The universe is everything that exists. It contains many galaxies (ours is the Milky Way) that are clusters of stars and planets. Within galaxies, there are many solar systems. These contain one star, the planets that orbit this star, the planetary satellites (such as moons or artificially launched satellites), asteroids, and comets.
According to Kepler's first law, all objects have elliptical orbits. However, planets tend to be more on the circular side, whereas comets have intensely elliptical orbits.
Life Cycle of Stars
Formation of Stars
Nebulae - Stars form when nebulae (large clouds of gas and interstellar dust) slowly contract under gravitational forces.
Protostars - When the cloud of dust gets dense enough, it splits up into protostars. The loss in gravitational potential energy in bringing all the dust/gas together causes the protostar to heat up.
Fusion - Eventually the protostar becomes hot enough for fusion to occur (a few million degrees), where hydrogen nuclei combine to form helium.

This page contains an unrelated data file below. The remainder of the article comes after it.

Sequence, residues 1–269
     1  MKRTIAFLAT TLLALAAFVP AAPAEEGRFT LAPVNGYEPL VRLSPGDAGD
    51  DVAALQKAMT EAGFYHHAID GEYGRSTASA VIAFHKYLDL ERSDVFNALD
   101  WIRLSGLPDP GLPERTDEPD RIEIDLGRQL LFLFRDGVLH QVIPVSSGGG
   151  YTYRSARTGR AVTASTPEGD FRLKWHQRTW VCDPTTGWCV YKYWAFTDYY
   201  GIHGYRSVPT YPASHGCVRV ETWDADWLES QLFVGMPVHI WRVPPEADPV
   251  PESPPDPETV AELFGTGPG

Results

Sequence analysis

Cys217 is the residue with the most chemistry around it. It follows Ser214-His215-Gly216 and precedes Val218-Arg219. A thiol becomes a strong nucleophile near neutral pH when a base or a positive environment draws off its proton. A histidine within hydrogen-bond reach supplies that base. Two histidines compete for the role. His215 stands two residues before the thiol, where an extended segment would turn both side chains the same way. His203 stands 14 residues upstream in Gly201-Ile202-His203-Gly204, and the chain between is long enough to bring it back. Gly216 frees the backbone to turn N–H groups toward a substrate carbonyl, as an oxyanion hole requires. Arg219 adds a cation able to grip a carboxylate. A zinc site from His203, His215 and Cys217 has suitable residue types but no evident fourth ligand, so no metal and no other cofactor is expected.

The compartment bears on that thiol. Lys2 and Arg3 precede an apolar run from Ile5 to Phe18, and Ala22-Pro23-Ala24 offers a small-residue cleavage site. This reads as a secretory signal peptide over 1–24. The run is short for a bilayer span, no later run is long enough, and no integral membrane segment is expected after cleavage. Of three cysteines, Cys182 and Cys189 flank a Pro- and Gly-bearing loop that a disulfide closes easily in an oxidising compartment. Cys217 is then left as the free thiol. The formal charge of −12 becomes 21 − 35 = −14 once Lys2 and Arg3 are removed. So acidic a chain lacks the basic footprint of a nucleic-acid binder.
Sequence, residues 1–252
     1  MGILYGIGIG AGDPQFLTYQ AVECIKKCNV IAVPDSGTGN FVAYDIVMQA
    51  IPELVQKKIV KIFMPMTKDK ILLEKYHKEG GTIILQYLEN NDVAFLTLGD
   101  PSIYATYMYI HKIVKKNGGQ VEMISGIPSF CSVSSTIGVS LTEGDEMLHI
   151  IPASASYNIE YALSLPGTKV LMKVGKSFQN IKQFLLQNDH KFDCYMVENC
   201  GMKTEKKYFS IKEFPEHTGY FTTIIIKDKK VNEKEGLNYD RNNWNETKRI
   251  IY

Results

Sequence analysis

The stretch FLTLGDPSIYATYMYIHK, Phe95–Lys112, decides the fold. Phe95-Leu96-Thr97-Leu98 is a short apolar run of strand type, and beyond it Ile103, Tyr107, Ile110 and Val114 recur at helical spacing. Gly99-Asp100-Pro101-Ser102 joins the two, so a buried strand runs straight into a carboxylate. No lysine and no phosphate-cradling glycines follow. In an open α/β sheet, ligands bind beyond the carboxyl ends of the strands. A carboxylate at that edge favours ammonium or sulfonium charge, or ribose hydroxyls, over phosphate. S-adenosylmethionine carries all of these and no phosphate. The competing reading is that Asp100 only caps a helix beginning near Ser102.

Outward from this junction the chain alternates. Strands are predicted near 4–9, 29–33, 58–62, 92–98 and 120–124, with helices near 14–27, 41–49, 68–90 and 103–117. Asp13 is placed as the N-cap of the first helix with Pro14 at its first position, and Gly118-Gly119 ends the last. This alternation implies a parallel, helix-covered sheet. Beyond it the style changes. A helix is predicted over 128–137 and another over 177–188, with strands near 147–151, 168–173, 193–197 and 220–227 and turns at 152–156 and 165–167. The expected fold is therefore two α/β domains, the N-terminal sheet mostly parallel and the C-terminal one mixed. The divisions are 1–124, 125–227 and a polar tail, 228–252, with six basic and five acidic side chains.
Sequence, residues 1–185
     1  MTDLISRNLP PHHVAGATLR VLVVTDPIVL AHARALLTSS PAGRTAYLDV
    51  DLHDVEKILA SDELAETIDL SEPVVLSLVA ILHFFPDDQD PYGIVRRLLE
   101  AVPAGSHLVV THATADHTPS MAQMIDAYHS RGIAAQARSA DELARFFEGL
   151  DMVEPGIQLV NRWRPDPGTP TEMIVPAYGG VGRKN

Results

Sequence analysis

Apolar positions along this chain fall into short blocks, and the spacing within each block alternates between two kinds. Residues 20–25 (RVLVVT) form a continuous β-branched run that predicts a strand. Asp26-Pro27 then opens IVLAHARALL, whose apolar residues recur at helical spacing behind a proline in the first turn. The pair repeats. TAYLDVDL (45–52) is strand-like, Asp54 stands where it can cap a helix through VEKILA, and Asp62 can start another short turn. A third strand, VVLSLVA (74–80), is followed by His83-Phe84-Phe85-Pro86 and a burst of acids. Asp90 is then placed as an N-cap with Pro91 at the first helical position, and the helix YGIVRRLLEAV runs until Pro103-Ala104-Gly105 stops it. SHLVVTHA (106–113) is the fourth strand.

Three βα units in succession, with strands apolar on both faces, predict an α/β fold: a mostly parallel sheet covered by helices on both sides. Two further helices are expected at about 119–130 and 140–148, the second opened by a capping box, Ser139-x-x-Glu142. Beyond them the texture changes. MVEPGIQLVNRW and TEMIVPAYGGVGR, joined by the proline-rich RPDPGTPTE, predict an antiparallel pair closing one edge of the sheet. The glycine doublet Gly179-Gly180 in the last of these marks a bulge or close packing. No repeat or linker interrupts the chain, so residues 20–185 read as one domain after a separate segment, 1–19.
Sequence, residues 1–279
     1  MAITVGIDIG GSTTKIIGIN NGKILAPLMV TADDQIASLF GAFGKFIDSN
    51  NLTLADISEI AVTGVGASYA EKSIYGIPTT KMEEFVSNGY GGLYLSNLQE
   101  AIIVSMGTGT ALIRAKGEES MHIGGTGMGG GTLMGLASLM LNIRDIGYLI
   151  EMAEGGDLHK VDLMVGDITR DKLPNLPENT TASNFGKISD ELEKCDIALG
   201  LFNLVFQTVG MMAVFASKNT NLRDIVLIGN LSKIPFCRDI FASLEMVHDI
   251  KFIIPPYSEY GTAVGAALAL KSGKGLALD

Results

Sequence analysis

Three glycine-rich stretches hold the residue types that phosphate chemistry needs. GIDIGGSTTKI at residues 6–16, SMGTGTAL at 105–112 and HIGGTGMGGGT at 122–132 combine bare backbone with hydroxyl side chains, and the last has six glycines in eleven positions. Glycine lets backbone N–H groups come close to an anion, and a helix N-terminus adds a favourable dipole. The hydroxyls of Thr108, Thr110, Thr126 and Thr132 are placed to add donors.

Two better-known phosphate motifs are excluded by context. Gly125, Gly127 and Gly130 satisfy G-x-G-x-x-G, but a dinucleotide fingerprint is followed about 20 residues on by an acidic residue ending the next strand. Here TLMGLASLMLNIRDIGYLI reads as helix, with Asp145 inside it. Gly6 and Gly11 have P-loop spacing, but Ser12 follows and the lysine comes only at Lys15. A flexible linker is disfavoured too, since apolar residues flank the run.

Main Sequence - The process of fusion releases a vast amount energy, keeping the core of the star hot until it has burnt through all the hydrogen fuel. This phase is relatively stable, because while the gravitational force acts to compress the star further, the radiation pressure from the emitted photons and the pressure of the gas push outwards.
The lifetime of a star depends on its mass: a larger star burns through its fuel much faster than smaller stars. The threshold for small and large stars is the Chandrasekhar limit (around 1.4 solar masses) - it is the maximum mass for which electron degeneracy pressure (that keeps the star going) can counteract the gravitational force (that tries to collapse the star).
Low Mass Stars have a core mass of up to 1.4 solar masses (the mass of the sun), and a lifetime of five to ten billion years.
Massive Stars have cores heavier than 1.4 solar masses and a lifespan of just a few hundred-thousand years.
After the main sequence, the star enters the final phase. Again, this is dependent on the size of a star.